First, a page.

Posts from 10th November 2003
Condiments I Have Known #2: Hellman’s Mayonnaise
There’s a general rule of thumb in our house that if there’s a food product you like and buy regularly from the supermarket, try making it from scratch at home and see how much better and cheaper it turns out. This applies to bread, bagels, pizza, cakes, biscuits, flour tortilla and its derivatives, sauces, juices, humous, fishfingers and most importantly ice cream. But when it comes to mayonnaise, I come over all rockist and won’t even entertain the thought of home-made. I know full well that Hellman’s is probably full of crap, is probably not even what discerning folk would call mayonnaise, but god it’s good – thick and creamy and indulgent, and lacking the acidic edge and unhealthy yellow sheen of salad cream. I can’t have chips or battered fish or pizza crust or cheese salad sandwiches or raw veg or (my favourite) garden peas without it. Without wanting to stray into the realm of food porn, I think I love particularly the fact that it’s so unnaturally white; there’s an aesthetic pleasure in creating contrasting shiny pools of ketchup and mayo next to your chips. The White Stripes would surely understand.
It’s almost certainly just over-excitement, but here I am at last eating at one of those Japanese sushi-snack bars where the food goes past you on a little conveyor belt (Kulu Kulu on Brewer Street). It’s like watching Grand Prix – or (better still) Scalextrix. Picking your dish is like being a suffragette at the Grand National, you choose your moment and hurl yourself bravely and bodily underneath the breaded prawns. Deciding what to have is like being at the baggage carousel in an airport: that LOOKS like the item you’re after, but what if it’s just a chance resemblance? Best let them all go round again one more time to be sure. Shouldn’t the salmon sushi be travelling against the belt-flow? THE FLUFFY TOY!! And so on.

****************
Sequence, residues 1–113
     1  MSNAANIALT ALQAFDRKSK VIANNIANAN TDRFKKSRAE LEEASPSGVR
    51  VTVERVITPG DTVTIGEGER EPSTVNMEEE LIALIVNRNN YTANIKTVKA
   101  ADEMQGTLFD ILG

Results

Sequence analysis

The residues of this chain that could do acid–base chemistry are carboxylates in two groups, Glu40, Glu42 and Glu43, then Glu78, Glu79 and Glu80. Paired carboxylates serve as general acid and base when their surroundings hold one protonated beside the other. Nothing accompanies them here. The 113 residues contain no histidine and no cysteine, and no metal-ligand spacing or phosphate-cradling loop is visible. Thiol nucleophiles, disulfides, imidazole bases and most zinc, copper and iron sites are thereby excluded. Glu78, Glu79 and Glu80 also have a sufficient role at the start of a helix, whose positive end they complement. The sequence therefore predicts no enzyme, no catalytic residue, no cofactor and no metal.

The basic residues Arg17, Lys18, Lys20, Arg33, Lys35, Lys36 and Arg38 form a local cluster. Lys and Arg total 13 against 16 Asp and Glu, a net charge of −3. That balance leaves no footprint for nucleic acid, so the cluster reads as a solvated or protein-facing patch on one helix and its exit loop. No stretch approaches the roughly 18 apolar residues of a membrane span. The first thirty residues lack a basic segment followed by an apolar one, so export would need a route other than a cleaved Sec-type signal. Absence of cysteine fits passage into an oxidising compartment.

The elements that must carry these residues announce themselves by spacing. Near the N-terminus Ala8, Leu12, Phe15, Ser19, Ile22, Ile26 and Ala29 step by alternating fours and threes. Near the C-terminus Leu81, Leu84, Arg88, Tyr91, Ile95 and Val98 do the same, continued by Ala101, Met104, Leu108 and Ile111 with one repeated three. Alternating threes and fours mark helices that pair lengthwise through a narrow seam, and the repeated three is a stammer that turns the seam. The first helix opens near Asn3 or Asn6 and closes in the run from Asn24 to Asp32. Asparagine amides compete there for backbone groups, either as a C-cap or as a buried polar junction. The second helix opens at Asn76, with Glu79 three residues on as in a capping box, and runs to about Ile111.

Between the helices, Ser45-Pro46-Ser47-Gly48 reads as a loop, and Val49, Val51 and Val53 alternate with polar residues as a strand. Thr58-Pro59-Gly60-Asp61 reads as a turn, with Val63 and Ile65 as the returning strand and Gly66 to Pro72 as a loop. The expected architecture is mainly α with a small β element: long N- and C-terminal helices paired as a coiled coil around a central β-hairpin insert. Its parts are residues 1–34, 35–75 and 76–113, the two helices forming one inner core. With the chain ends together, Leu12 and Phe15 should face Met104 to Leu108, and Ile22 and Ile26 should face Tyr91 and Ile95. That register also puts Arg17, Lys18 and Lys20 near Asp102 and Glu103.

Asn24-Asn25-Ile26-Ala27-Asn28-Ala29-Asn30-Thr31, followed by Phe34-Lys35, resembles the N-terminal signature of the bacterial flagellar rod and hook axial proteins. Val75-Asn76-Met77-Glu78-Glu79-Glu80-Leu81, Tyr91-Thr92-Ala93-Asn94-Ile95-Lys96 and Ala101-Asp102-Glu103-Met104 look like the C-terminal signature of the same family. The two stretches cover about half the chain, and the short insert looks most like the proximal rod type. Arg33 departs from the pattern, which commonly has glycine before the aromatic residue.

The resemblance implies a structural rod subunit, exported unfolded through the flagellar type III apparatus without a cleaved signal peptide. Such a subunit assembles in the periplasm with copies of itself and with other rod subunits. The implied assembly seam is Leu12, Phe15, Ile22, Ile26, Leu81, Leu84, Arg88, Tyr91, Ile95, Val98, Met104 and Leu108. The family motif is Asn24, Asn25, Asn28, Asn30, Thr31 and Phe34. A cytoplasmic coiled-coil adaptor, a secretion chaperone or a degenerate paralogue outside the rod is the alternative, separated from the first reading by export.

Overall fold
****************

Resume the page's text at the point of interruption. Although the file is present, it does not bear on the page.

After a (long) while you calm down and tuck in – and dream of a perfectly organised Moebio-Stalinoid food-industry topology-of-the-future, wherein one single ever-so-long serving ribbon is built so as to loop sushi through every snack-bar in the world…
Further to Mark’s point b2 below: The visuals at one point were particularly noteworthy. Voiceover: Such-and-such spent ages looking for an equation. Cue pic of (absurdly handsome) actor leafing through a tome apparently at random, searching, always searching, before closing the book resignedly and chucking it on to the growing pile. Actor then picks another book from the shelf. That the equation in question was actually 200 years old, and therefore was probably written down in a dusty book somewhere, makes no difference to the fact that this is a terrible representation of how these leaps and interconnections are made! It seemed to suggest that this sort of work was just an uncomprehending harvest of a deep and long-forgotten magick. The equation could probably be found in any number of shiny new textbooks as well! As m’colleague indicated below, the criteria for such an equation are what’s important. A small point, possibly, but communicating the flavour of the subject is perhaps the programme-makers’ real task, not telling us the definition of tachyons or whatever.